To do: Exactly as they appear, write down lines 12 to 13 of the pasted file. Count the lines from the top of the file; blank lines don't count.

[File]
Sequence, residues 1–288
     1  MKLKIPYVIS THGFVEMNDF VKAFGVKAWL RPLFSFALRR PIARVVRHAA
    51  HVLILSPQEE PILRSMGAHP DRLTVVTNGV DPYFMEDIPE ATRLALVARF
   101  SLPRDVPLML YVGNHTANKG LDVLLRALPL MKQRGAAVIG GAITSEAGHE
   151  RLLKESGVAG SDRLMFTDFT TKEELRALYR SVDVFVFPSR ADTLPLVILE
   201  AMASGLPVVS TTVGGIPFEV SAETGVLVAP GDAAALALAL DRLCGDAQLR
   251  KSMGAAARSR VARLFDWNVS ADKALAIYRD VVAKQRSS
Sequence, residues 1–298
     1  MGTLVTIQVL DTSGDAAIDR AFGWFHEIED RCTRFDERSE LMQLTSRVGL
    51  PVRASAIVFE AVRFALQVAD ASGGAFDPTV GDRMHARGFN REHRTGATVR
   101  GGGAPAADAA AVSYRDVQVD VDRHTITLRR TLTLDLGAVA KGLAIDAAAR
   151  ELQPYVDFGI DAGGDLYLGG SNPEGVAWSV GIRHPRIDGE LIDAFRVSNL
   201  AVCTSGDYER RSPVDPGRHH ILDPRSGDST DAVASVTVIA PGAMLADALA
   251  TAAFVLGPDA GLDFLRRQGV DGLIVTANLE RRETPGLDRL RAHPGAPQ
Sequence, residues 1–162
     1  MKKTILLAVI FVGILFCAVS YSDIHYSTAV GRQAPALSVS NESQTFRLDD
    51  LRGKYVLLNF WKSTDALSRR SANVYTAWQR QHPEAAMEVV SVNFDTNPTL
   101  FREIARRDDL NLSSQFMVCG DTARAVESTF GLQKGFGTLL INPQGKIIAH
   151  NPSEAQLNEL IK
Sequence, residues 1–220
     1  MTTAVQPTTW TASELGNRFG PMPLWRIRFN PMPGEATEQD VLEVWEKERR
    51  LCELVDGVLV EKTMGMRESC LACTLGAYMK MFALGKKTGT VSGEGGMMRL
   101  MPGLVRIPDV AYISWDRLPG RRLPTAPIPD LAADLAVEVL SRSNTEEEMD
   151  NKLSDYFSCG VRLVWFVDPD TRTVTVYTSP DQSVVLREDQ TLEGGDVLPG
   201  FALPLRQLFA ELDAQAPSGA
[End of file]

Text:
   151  ELQPYVDFGI DAGGDLYLGG SNPEGVAWSV GIRHPRIDGE LIDAFRVSNL
   201  AVCTSGDYER RSPVDPGRHH ILDPRSGDST DAVASVTVIA PGAMLADALA